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Queues: introduction and basic services

August 15, 2018

Colin Walls-August 15, 2018

Queues were introduced in an earlier article. They provide a more flexible means of passing simple messages between tasks than mailboxes.

Using Queues

In Nucleus SE, queues are configured at build time. There may be a maximum of 16 queues configured for an application. If no queues are configured, no data structures or service call code appertaining to queues are included in the application.

A queue is simply a set of storage locations, each big enough to hold a single data item of type ADDR, access to which is controlled so that it may be safely utilized by multiple tasks. Tasks can write to a queue repeatedly until all the locations are full. Tasks can read from a queue and data is normally received on a first in, first out (FIFO) basis. Trying to send to a full queue or read from an empty one may result in an error or task suspension, depending upon options selected in the API call and the Nucleus SE configuration.

Queues and Pipes

Nucleus SE also supports pipes, which were also introduced in an earlier article and are covered in detail in a future article. The main difference between queues and pipes is the message size. Queues carry messages comprising a single ADDR – these would commonly be pointers. A pipe carries messages which are an arbitrary number of bytes long; the size is fixed for each pipe in the application and set at configuration time.

Configuring Queues

Number of Queues

As with most aspects of Nucleus SE, the configuration of queues is primarily controlled by #define statements in nuse_config.h. The key setting is NUSE_QUEUE_NUMBER, which determines how many queues are configured for the application. The default setting is 0 (i.e. no queues are in use) and you can set it to any value up to 16. An erroneous value will result in a compile time error, which is generated by a test in nuse_config_check.h (this is included into nuse_config.c and hence compiled with this module) resulting in a #error statement being compiled.

Choosing a non-zero value is the “master enable” for queues. This results in some data structures being defined and sized accordingly, of which more in the next article. It also activates the API enabling settings.

API Enables

Every API function (service call) in Nucleus SE has an enabling #define symbol in nuse_config.h. For queues, these are:

NUSE_QUEUE_SEND
NUSE_QUEUE_RECEIVE
NUSE_QUEUE_JAM
NUSE_QUEUE_RESET
NUSE_QUEUE_INFORMATION
NUSE_QUEUE_COUNT

By default, all of these are set to FALSE, thus disabling each service call and inhibiting the inclusion of any implementation code. To configure queues for an application, you need to select the API calls that you want to use and set their enabling symbols to TRUE.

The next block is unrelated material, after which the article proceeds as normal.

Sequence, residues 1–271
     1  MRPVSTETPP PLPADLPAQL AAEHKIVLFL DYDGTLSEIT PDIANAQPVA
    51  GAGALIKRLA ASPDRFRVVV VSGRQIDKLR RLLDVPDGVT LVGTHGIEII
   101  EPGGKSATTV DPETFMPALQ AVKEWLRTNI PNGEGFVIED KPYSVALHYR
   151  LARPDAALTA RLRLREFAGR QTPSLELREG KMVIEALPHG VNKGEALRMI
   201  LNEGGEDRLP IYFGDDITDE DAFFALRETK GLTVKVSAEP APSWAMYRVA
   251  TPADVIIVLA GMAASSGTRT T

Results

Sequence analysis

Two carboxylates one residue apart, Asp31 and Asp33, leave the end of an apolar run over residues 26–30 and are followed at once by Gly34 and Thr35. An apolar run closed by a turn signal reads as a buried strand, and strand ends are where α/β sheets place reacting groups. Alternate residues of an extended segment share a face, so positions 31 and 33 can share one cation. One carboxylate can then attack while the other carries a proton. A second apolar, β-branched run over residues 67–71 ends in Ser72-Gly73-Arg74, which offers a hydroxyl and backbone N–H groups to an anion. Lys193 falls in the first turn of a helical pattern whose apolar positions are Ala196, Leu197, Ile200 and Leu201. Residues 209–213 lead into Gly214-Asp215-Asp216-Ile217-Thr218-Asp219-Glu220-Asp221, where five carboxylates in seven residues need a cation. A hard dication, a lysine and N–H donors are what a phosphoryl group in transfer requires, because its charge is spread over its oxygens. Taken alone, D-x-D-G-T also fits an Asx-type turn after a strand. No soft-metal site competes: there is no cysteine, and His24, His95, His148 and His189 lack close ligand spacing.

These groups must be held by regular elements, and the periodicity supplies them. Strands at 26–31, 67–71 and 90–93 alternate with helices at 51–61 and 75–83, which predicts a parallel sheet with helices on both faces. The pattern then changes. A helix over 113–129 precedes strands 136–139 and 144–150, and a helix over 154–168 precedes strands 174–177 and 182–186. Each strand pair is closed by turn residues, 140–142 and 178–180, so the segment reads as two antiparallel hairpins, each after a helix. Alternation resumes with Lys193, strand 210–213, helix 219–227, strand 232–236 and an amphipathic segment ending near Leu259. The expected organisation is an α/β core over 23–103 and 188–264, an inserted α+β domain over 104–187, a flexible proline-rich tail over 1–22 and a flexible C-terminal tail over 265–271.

Here is an extract from the default nuse_config.h file.

#define NUSE_QUEUE_NUMBER    0  /* Number of queues in the
                                   system - 0-16 */
                                /* Service call enablers */
#define NUSE_QUEUE_SEND         FALSE
#define NUSE_QUEUE_RECEIVE      FALSE
#define NUSE_QUEUE_JAM          FALSE
#define NUSE_QUEUE_RESET        FALSE
#define NUSE_QUEUE_INFORMATION  FALSE
#define NUSE_QUEUE_COUNT        FALSE

A compile time error will result if a queue API function is enabled and no queues are configured (except for NUSE_Queue_Count() which is always permitted). If your code uses an API call, which has not been enabled, a link time error will result, as no implementation code will have been included in the application.

Queue Service Calls

Nucleus RTOS supports ten service calls that appertain to queues, which provide the following functionality:

  • Send a message to a queue. Implemented by NUSE_Queue_Send() in Nucleus SE.

  • Receive a message from a queue. Implemented by NUSE_Queue_Receive() in Nucleus SE.

  • Send a message to the front of a queue. Implemented by NUSE_Queue_Jam() in Nucleus SE.

  • Restore a queue to the unused state, with no tasks suspended (reset). Implemented by NUSE_Queue_Reset() in Nucleus SE.

  • Provide information about a specified queue. Implemented by NUSE_Queue_Information() in Nucleus SE.

  • Return a count of how many queues are (currently) configured for the application. Implemented by NUSE_Queue_Count() in Nucleus SE.

  • Add a new queue to the application (create). Not implemented in Nucleus SE.

  • Remove a queue from the application (delete). Not implemented in Nucleus SE.

  • Return pointers to all the queues (currently) in the application. Not implemented in Nucleus SE.

  • Send a message to all the tasks that are suspended on a queue (broadcast). Not implemented in Nucleus SE.

The implementation of each of these service calls is examined in detail.

Queue Write and Read Services

The fundamental operations, which can be performed on a queue, are writing data to it – which is sometimes termed sending – and reading data from it – which is also termed receiving. It is also possible to write data to the front of a queue – which is also termed jamming. Nucleus RTOS and Nucleus SE each provide three basic API calls for these operations, which will be discussed here.

Writing to a Queue

The Nucleus RTOS API call for writing to a queue is very flexible, enabling you to suspend indefinitely, or with a timeout, if the operation cannot be completed immediately; i.e. you try to write to a full queue. Nucleus SE provides the same service, except task suspend is optional and timeout is not implemented.

Nucleus RTOS also offers a facility to broadcast to a queue, but this is not supported by Nucleus SE. It is described under Unimplemented APIs in the next article.

Nucleus RTOS API Call for Sending to a Queue

Service call prototype: